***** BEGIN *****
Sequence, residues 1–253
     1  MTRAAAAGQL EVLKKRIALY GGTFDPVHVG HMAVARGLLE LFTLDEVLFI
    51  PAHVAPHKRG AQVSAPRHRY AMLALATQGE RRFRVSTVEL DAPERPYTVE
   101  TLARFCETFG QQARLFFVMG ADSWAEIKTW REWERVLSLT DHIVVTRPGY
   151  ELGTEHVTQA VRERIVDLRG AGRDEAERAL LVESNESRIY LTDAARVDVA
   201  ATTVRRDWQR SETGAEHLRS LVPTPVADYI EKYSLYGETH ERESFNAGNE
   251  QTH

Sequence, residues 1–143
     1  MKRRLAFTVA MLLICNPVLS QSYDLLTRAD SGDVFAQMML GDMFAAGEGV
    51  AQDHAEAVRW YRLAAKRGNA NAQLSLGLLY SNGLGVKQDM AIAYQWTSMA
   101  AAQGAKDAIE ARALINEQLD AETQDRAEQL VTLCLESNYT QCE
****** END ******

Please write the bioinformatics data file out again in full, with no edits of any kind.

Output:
Sequence, residues 1–253
     1  MTRAAAAGQL EVLKKRIALY GGTFDPVHVG HMAVARGLLE LFTLDEVLFI
    51  PAHVAPHKRG AQVSAPRHRY AMLALATQGE RRFRVSTVEL DAPERPYTVE
   101  TLARFCETFG QQARLFFVMG ADSWAEIKTW REWERVLSLT DHIVVTRPGY
   151  ELGTEHVTQA VRERIVDLRG AGRDEAERAL LVESNESRIY LTDAARVDVA
   201  ATTVRRDWQR SETGAEHLRS LVPTPVADYI EKYSLYGETH ERESFNAGNE
   251  QTH

Sequence, residues 1–143
     1  MKRRLAFTVA MLLICNPVLS QSYDLLTRAD SGDVFAQMML GDMFAAGEGV
    51  AQDHAEAVRW YRLAAKRGNA NAQLSLGLLY SNGLGVKQDM AIAYQWTSMA
   101  AAQGAKDAIE ARALINEQLD AETQDRAEQL VTLCLESNYT QCE